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  • Cited by 4
  • Print publication year: 2004
  • Online publication date: September 2009

3 - When states use armed force

Summary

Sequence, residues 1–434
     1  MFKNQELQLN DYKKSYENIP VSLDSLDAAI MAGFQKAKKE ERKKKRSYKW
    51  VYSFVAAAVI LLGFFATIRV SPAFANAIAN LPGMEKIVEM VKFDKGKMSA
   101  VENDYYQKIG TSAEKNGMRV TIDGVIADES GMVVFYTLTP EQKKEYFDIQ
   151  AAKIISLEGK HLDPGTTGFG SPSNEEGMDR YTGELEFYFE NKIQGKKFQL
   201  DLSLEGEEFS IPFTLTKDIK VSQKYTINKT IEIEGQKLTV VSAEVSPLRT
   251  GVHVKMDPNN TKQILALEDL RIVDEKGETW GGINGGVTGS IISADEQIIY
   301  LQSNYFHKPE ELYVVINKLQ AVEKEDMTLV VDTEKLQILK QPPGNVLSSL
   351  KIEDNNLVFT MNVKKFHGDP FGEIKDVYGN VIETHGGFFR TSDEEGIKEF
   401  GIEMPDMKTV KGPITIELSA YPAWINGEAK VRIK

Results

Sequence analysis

In exploring the state and nature of the relationship between law and politics in the sphere of international relations, it could be said that there is qualified merit in returning to the apparent wisdom of past orthodoxies. In these teachings, separate methodological and professional identities have taken shape – or, to be sure, have been projected – for both international law and politics, and these are perhaps best evidenced in the scholarship of Hans Morgenthau, the high priest of classical realism, who advocated ‘upholding the autonomy of the political realm’ because of his conviction that the political realist is engaged in a discrete form of human thinking – where interest is defined as power, ‘as the economist thinks in terms of interest defined as wealth; the lawyer, of the conformity of action with legal rules; the moralist, of the conformity of action with moral principles’. Here, let it be noted, the ‘political realm’ is the venue for the most intimate forms and tasks of sovereignty, cut distinct from the pedestrian enterprises of international law and its many sub-disciplines as well as with those preoccupied with ‘rules’ and with quaint statistical synopses of conformity and compliance patterns in state behaviour. In this respect, international law takes on something of a distinctly alien form, removed and remote from the ground realities of sovereign relations: it is caught up in its own methodologies and indulgences, and is divorced from the decisions it aspires to influence.

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